17 Accrual Adjusted Cash Disbursements (Details)
Cash Disbursements + Ending Accounts Payable – Beginning Accounts Payable + Ending Accrued Expenses – Beginning Accrued Expenses – Ending Prepaid Expenses + Beginning Prepaid Expenses – Ending Unused Supplies (fuel, chems, seed, fert) + Beginning Unused Supplies (fuel, chems, seed, fert) = Operating Expenses

18 Accrual Adjusted Net Farm Income (Details)
Cash Net Income (pre-tax) = Cash Receipts – Cash Disbursements – Depreciation ± Gain/Loss Capital Sale Accrual Adjusted Net Income (pre-tax) = Gross Revenues – Operating Expenses Main point: use accrual adjustments to cash receipts and disbursements

19 Main Point Most farmers use cash accounting, commonly to file tax forms Farmers commonly move costs between years to reduce taxes Income statements adjust this “tax income” for more accurate measurement of income Put revenue and costs in the year actually intended for, not in the year used for taxes

20 Simple Example to Illustrate Cash versus Accrual Accounting
If 2008 a good year, pre-buy more inputs (fertilizer, seed) in 2008 for use in 2009 to lower 2008 taxes Same trick with accounts payable in 2008: payoff in 2008 to reduce 2008 taxes, not wait until 2009 to pay off Income statement: adjust for these practices: Pay for costs in year used to make income, even if actually bought in different year: How? – Ending Prepaid Expenses + Beginning Prepaid Expenses + Ending Accounts Payable – Beginning Accounts Payable

21 Main Point Summary How adjust “tax income” for more accurate income statement Adjust cash receipts for inventory changes Adjust cash disbursements for accounts payable, accrued expenses, prepaid expenses, and input inventory changes

22 Uses for Income Statement
See if made a business profit or had a loss, but really want to know profitability Profitability: normalize for size to see if efficient use of resources to produce income Five Measures commonly used Net Farm Income from Operations Net Farm Income Rate of Return on Assets Rate of Return on Equity Operating Profit Ratio

23 Calculating Farm Income: Revenue
You decide what non-cash sources to include and whether it’s accrual adjusted or not 1) Selling things: self explanatory 2) Capital Gains: Selling of capital (non-current) assets for prices different than their basis Sell land for different price than original cost Depreciable assets: selling for price different than remaining basis

24 Calculating Farm Income: Cost
1) Operating Costs: You decide what non-cash costs to include and whether to use accrual adjustments 2) Interest: separate it out as operating expense Need to account for interest in some measures 3) Unpaid Labor and Management: how much you “pay yourself” for labor and management Need to account for in some measures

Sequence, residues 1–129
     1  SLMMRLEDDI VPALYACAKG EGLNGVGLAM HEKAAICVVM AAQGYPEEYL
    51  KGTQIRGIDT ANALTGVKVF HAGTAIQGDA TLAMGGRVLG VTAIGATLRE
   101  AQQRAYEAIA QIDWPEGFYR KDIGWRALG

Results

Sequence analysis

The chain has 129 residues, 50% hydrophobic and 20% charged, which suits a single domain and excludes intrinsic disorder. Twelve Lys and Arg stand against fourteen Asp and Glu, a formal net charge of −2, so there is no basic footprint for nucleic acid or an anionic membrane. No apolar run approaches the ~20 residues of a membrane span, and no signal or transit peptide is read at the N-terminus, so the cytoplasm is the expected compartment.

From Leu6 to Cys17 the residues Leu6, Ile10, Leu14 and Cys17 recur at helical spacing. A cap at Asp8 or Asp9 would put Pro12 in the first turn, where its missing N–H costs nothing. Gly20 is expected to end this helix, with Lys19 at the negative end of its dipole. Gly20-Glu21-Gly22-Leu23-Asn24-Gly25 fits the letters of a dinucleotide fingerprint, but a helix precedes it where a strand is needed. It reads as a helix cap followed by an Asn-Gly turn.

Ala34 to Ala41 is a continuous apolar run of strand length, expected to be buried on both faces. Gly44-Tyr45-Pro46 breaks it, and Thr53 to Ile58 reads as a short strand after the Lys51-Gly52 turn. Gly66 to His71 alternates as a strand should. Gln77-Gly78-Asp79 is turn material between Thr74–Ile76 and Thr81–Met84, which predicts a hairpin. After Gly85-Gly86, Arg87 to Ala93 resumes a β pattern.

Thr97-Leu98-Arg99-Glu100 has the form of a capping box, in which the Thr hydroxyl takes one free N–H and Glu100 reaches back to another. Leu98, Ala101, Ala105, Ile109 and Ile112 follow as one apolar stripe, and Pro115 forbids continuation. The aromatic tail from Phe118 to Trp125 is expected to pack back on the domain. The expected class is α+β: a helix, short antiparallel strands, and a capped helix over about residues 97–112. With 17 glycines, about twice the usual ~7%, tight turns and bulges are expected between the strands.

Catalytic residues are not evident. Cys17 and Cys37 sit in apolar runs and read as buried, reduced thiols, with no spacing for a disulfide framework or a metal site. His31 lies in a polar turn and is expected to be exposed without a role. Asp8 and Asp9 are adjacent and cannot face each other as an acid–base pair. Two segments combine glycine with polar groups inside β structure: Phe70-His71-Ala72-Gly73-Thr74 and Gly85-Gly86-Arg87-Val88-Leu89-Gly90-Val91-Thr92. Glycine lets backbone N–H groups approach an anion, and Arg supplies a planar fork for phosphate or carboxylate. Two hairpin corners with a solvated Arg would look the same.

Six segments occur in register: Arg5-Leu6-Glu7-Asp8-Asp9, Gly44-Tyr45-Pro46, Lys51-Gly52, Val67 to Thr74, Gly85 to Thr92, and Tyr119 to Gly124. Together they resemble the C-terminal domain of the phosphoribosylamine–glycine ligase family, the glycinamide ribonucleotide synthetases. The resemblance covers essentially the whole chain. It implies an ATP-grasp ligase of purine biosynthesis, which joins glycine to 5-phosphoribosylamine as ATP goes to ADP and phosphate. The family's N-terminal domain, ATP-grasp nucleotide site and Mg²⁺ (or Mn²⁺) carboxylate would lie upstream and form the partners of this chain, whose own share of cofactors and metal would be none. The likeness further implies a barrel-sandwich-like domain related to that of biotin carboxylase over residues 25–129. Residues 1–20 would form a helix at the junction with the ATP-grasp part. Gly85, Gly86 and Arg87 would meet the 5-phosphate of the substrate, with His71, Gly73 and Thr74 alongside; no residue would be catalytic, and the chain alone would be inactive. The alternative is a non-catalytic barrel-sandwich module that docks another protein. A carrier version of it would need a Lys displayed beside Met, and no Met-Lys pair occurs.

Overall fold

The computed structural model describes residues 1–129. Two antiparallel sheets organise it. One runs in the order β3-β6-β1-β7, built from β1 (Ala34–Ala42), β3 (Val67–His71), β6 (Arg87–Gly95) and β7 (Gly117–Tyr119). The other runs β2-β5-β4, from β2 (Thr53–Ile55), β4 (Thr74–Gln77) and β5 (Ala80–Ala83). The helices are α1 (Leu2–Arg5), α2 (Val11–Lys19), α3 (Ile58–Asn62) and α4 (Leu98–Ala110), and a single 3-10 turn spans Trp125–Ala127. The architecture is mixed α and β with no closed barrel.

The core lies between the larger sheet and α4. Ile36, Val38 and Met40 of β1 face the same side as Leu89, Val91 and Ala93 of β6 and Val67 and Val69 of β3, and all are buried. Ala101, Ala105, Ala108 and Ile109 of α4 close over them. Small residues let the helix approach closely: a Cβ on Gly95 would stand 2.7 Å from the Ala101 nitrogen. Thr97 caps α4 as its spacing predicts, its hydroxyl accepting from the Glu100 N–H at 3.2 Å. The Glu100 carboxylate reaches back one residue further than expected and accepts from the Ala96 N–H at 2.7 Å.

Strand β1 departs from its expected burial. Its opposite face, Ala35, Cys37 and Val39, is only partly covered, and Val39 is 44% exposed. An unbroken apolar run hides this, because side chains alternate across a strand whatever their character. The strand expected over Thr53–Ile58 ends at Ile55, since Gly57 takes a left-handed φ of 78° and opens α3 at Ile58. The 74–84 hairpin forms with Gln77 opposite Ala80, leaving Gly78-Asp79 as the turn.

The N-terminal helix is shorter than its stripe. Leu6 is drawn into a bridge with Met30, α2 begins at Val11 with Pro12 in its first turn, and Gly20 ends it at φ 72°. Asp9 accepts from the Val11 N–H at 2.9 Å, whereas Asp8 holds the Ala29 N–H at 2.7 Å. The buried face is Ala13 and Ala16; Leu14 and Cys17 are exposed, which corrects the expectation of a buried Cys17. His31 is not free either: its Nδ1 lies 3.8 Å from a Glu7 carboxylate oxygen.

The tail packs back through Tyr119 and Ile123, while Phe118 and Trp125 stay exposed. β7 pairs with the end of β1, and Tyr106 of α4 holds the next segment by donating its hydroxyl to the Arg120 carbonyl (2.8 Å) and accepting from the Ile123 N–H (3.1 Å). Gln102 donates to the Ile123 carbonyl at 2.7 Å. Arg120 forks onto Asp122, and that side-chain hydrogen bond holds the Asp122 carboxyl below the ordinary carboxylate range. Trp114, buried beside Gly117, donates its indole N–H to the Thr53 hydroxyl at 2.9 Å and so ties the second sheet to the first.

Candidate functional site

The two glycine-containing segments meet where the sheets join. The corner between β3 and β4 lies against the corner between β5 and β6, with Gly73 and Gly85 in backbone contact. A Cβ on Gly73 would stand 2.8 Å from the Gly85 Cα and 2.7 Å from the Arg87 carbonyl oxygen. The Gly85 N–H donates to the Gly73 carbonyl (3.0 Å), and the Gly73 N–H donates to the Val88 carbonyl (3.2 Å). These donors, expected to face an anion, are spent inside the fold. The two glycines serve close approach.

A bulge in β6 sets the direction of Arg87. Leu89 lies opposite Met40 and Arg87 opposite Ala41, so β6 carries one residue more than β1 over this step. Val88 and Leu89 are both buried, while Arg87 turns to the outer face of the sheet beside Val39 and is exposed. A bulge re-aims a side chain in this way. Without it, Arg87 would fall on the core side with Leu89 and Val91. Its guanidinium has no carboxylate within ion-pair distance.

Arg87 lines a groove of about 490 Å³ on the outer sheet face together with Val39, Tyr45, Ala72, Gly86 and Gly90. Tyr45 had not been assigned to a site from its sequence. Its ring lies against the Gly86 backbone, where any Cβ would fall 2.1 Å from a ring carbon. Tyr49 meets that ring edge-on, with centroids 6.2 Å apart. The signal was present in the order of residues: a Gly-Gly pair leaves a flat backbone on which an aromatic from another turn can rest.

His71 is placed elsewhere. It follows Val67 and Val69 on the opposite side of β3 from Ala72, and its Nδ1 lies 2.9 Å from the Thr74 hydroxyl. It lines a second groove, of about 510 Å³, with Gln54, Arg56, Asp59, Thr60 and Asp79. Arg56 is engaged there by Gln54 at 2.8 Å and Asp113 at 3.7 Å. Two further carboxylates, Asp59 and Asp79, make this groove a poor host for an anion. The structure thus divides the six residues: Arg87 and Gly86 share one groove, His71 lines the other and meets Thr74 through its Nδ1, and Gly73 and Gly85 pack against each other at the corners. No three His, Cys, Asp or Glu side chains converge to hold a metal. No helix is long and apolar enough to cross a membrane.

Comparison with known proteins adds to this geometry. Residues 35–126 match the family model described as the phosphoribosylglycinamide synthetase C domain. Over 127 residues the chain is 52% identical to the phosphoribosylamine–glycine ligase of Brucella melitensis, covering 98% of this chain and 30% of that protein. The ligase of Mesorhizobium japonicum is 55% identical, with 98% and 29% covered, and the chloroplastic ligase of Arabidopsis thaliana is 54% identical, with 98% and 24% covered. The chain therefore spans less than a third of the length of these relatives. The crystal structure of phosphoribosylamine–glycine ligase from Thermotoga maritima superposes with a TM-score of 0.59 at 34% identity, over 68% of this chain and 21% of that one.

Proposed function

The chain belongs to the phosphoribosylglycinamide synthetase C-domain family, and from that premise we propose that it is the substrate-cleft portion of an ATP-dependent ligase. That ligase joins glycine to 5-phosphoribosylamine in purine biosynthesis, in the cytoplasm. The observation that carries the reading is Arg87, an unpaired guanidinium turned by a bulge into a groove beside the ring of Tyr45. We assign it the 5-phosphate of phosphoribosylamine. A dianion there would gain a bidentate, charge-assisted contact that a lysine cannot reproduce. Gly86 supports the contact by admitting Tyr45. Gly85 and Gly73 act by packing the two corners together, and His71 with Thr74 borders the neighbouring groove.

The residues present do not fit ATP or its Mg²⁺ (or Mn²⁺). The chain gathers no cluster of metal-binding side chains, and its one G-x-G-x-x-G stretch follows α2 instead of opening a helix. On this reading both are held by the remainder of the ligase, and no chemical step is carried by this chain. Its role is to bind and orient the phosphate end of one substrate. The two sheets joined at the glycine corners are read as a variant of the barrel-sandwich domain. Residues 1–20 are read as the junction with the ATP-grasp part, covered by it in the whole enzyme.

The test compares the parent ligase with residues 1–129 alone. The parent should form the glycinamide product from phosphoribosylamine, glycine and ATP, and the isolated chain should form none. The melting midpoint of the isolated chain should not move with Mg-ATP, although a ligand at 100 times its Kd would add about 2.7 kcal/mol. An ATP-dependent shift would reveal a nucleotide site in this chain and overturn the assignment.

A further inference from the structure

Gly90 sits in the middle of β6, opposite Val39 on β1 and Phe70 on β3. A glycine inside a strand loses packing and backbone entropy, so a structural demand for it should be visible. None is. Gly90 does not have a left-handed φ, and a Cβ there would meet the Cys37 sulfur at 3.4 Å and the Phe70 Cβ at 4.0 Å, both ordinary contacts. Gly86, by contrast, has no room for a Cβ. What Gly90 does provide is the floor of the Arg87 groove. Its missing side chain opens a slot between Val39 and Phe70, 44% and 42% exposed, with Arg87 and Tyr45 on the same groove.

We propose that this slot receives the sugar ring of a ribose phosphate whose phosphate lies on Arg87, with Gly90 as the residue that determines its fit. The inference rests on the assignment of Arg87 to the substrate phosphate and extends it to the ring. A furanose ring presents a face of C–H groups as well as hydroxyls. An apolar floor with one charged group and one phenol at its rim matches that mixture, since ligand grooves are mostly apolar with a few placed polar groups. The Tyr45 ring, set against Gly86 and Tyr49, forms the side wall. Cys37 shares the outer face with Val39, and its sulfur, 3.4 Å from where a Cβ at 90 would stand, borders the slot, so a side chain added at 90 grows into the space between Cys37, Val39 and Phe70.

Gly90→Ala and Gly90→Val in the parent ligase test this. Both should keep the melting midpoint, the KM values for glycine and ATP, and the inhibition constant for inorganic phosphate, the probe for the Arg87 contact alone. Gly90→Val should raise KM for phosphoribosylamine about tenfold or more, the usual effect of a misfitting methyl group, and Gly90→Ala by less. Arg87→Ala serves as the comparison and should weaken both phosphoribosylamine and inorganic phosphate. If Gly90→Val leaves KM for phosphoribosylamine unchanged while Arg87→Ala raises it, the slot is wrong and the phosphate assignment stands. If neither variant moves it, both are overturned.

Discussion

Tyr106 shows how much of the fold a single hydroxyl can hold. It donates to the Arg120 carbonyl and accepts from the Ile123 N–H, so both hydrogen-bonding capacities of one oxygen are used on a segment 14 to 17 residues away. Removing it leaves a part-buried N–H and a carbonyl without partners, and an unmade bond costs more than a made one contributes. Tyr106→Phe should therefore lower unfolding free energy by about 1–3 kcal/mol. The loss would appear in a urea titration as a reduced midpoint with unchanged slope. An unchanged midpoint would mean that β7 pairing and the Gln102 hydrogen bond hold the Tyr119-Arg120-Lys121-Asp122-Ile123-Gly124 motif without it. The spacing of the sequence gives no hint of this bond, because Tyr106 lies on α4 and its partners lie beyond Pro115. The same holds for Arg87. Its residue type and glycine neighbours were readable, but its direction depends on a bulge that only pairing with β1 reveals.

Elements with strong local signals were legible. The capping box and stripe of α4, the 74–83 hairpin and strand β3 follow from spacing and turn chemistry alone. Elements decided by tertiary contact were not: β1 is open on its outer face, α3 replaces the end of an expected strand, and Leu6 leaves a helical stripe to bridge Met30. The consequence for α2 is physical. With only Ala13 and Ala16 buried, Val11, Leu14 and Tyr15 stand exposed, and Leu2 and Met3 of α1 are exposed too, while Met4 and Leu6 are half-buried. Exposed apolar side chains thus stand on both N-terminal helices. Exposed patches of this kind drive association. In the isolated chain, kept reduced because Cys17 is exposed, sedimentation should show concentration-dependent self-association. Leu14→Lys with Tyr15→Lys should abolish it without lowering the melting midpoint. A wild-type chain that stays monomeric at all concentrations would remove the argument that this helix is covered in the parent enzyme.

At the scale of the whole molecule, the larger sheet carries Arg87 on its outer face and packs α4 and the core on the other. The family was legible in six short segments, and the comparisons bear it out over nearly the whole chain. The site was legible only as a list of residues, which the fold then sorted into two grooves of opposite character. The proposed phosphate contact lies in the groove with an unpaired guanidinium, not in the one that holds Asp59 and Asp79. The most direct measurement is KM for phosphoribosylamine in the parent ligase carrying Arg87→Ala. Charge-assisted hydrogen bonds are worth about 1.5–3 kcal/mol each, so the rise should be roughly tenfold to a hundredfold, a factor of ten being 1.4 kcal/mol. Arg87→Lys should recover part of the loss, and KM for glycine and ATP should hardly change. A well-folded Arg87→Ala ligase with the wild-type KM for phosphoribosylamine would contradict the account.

25 Net Farm Income from Operations (NFIfO)
NFIfO = Revenue – Operating Costs – Interest NFIfO = Income made by farm operation Does not include investment income from capital asset sales: depreciation should already be included as a non-cash expense Does not include paying the operator/manager for time and labor

26 Net Farm Income (NFI) NFI = Revenue – Operating Costs – Interest – Unpaid Labor & Management + Capital Gains Income generated by farm business after paying all expenses (operation & investment activities) Includes net gain from sale of capital assets Includes paying owner/operator’s time & management NFI = NFIfO – Unpaid Labor & Management Capital Gains

27 Return on Assets (ROA) ROA = Revenue – Operating Costs – Unpaid Labor & Mngmt + Capital Gains ROA = NFI + Interest Income generated by all Farm Assets, including investment income Don’t Subtract Interest Interest = cost of using someone else’s money so your far can have more assets than just what you can own with your equity ROA wants to calculate income generated by all assets, yours and other people’s Other terms: Return to Capital

28 Return on Assets (ROA) Estimate cost of Unpaid Labor and Management
What it would cost to hire someone to do all the currently unpaid labor and management? What would you/family make at your next best alternatives (opportunity costs)? Removing Unpaid Labor and Management arbitrary, but important Whatever chosen changes estimated ROA If ignore unpaid labor and management (many do), will get higher ROA Know these issues before you compare with other businesses and with market returns

29 Rate of Return on Assets (ROROA)
ROA compared to size of business How much income is the farm generating relative to the amount of assets used? ROROA = (ROA/Average Assets) x 100 Average Assets = average of assets over the time period of the Income Statement Go to Balance sheet and use average of total assets (current and non-current) at start and end of period Rates of return are why Balance Sheet and Income Statement go together

30 Rate of Return on Assets (ROROA)
ROROA = (ROA/Average Assets) x 100 Average Assets = “size” of business during the accounting period Which basis for asset valuation: cost or market? Market basis to compare farms and to compare to liquidating and getting market rates of return on financial investments Use cost basis to look at your trend over years Compare ROROA only if done in same way, especially asset valuation Do not include non-farm assets and income